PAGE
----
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What are Weddell Seals?
Weddell seals are the southernmost breeding mammal on the planet. They are found only in Antarctica, and are located all around the coast of the Antarctic continent. They are true seals, of the family Phocidae. Weddell seals are one of only four species of seals that spend their entire lives in Antarctica--the other three species being the leopard seal, crabeater seal, and the Ross seal.
Found in association with "fast ice"--ice that is attached to the coastline of the Antarctic continent and islands--Weddell seals actually spend most of their time in the ocean or resting on ice flows at sea. However, every Antarctic Spring most of the Weddell seals gather in pupping colonies along the tidal and glacial cracks where the fast ice meets the sea ice. The females come in to give birth, rear their pups, and breed.
They are great divers, and can make dives over an hour long--although shorter dives are far more common. Their excellent diving capabilities allow them to travel far under the sea ice where they access the surface through tidal and glacial cracks and holes to haul out and give birth on the surface of the ice. Here, no natural predators can reach them during the Antarctic Spring, so their vulnerable new pups are safe from predation.
Weddell females begin breeding and giving birth at around 5 to 7 years of age, and live an average of 15 to 17 years old. Although, there are many females that live and give birth into their 20s, and rarely some females that live and have pups into their 30s. On average, Weddell females have around 1 pup every 2 to 3 years over their breeding lifetimes.
The Weddell moms spend around 45 days or so nursing and nurturing their pups, and teaching them how to swim. Weddell moms are frequently seen raking holes in the ice with their teeth to make ramps that will assist their pups learning to get in and out of the water as they learn to swim. Weddell moms may also be teaching their pups valuable behavioral skills that will serve the pups well as adults. Weddell males spend much of their time vying for breeding territories beneath the ice, where mating occurs after the pups are weaned and left on their own to fend for themselves. Males do not contribute toward the raising of the pups.
Here is a podcast about Weddell seals that was created by Mary Lynn Price for the Weddell Population Study, and was released by the award-winning DiveFilm HD Video Podcast.
- Mary Lynn Price
Adapted and Expanded Blog Post, 22 October 2010
About Those Weddell Seal Pups...
When it comes right down to it, the Weddell seal population study involves a lot of time focusing on Weddell seal pups. How many Weddell seal pups are born in the Erebus Bay Antarctica study area each year, how much some of those pups weigh at birth and weigh when they are weaned, how much time is spent by Weddell pups swimming in the water during the nursing period, and how many pups survive and return to have pups of their own, are all vital data gathered by the Weddell seal population study research field team.
During the nursing period Weddell pups, like the one in the photo below by Weddell seal field team researcher Jesse DeVoe, are frequently visible on top of the sea ice and are accessible to the researchers. This accessibility makes it possible for population researchers to tag the seal pups soon after birth with small identifying tags, and determine how many pups are born each year in the Erebus Bay study area.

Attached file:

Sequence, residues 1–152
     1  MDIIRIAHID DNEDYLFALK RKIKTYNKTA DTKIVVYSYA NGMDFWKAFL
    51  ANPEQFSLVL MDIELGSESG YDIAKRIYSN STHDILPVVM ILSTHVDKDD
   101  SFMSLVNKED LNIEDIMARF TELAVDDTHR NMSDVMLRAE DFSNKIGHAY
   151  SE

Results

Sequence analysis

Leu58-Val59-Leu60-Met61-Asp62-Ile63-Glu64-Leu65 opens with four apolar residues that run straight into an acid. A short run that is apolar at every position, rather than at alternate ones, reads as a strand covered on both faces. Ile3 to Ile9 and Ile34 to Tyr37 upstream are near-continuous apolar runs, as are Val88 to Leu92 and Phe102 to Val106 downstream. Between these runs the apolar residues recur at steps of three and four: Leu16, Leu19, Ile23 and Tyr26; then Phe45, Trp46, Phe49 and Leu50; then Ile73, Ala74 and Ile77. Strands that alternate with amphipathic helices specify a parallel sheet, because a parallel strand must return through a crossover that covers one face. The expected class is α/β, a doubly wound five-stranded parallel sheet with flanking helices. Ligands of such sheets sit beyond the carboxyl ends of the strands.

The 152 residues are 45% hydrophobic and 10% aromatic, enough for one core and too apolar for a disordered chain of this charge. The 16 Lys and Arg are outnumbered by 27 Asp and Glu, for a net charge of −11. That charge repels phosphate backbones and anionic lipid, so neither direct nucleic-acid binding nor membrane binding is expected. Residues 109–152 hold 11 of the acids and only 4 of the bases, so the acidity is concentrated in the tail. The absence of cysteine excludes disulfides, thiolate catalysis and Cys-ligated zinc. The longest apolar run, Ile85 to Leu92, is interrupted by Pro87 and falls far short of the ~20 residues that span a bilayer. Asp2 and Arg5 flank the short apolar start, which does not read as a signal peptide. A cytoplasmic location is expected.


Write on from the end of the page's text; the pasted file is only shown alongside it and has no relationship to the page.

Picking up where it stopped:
And this year has been a great one for Weddell seal births. So far in the Erebus Bay Weddell seal population study area, "the population produced over 580 pups this year making it another in a series of high-production years," says Montana State University ecologist Jay Rotella. Jay Rotella and Bob Garrott, professors at Montana State University, and Don Siniff, professor emeritus at the University of Minnesota, are the lead scientists on this National Science Foundation funded Weddell seal population study project.
Weddell pups are born on top of the sea ice. At birth they are covered with a soft lanugo coat that does not provide adequate insulation in the cold Antarctic sea water. The pup in the photo below by Weddell seal field team researcher Jessica Farrer is very young and still wearing its lanugo.
Over the next several days after birth, the pup's lanugo coat will be replaced by a coat that is better suited to life in cold water, as with this pup in the photo below by Weddell seal field team researcher Darren Roberts.
Usually when the pups are one to two weeks old they will begin to swim with the encouragement and assistance of their moms. To ready their pups for life in the ocean world, Weddell moms spend a lot of time in the water with their pups as the Weddell pups begin to swim.
In this wonderful underwater video, Antarctic diver, imager, and musician Henry Kaiser, working with Weddell seal project B-470, captures the playful behavior of a Weddell pup swimming with its mom beneath the surface of the sea ice.
Over the remaining week or two of the 2012 pupping season in the Erebus Bay study area, the Weddell seal population study research field team will continue to look for new pups in the study area.
The B-009 research field team members will complete surveys of the entire population of Weddell seals in the Erebus Bay study area, and take final weights on a limited number of pups, before the pups are weaned and left by their mothers to fend for themselves as the sea ice begins to melt with the approaching Antarctic Summer.